Wednesday, March 19, 2014


I am a napping authority.

I’ve drifted off under piles of still-warm laundry, flannel bedspreads, moth-eaten woolen blankets, and crisp cool sheets.

But, trust me, for a transcendent nap, nothing beats curling up under a puffy, white, down duvet.

I was once blasé about naps. But then sleep’s transformative qualities struck me.     

Take “power naps,” the godsend of type-A individuals. You sit in a straight-backed chair, lean forward, forearms on knees, hands cupped together cradling a bunch of keys.

You doze off. Your hands relax and separate. The keys crash to the floor.

Voilà! The clatter wakes you up … fully renewed.
How miraculous that just seconds of unconsciousness can completely recharge your drained, sluggish body.  

Equally baffling, but for different reasons, is “extreme napping.”

I once heard a story about a woman who “napped” for 14 consecutive years, then suddenly woke up, and functioned fine for the rest of her long life. (She lived to be 98 years old.)  

The sleeper had been a graduate student in psychology. She had been on a seaside holiday with friends, had returned home feeling sick and unsteady, had crawled into her bed, and then didn’t wake up for six thousand days.

What triggered her awakening was hearing two nurses misinterpreting one of Freud’s theories. Her brain was “offended” by the mistake, said the storyteller, and the sleeper had sat bolt upright and said, “That’s not at all what Freud meant.”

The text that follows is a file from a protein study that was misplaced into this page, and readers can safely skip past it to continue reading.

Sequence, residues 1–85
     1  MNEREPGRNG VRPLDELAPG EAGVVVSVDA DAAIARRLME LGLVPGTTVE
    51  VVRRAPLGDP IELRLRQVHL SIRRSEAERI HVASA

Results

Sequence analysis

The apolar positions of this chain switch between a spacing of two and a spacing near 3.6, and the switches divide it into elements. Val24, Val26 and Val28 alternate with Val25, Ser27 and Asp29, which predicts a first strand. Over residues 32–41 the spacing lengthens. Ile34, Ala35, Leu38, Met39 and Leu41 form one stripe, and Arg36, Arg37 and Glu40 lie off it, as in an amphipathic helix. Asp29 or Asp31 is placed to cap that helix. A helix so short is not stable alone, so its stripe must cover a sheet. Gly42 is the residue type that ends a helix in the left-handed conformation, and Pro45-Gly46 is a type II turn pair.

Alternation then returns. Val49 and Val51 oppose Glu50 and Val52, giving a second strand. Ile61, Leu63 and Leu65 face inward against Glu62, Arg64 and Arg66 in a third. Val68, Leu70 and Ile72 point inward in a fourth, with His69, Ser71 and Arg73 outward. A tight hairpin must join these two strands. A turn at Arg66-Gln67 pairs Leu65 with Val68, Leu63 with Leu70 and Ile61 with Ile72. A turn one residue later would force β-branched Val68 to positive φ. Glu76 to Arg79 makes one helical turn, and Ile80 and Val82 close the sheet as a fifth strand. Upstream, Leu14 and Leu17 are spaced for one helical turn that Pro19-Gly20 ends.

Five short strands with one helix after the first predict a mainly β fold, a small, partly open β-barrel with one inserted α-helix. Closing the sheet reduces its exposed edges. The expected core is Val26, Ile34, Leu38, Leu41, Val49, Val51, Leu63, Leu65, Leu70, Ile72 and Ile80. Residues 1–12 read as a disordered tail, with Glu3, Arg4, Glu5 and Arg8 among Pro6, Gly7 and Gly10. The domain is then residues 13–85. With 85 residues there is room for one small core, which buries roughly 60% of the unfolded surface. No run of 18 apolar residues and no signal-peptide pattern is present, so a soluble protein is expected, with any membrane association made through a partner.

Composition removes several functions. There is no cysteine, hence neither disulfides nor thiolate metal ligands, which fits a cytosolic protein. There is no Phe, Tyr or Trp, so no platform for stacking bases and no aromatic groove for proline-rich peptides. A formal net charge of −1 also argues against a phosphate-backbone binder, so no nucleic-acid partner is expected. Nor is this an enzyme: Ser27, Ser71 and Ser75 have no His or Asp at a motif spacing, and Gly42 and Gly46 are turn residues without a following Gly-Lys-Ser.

What could her brain possibly have been doing during that deep sleep, that time on “pause?” (I spent decades researching her story and eventually wrote a book about the sleeper’s remarkable experience.*)

I continue to do “sleep research” most afternoons. That is, I lie down and see what happens. Ten minutes, forty minutes, three hours. No matter the length, I always wake up recharged. How is this possible?

My brain has shared with me the same insights about its renewal mechanism that Richard Selzer writes about in discussing his 23-day period of unconsciousness as a result of Legionnaire’s disease (his book is titled Raising the Dead). “The truth?” he confesses. “I don’t remember a darn thing.”

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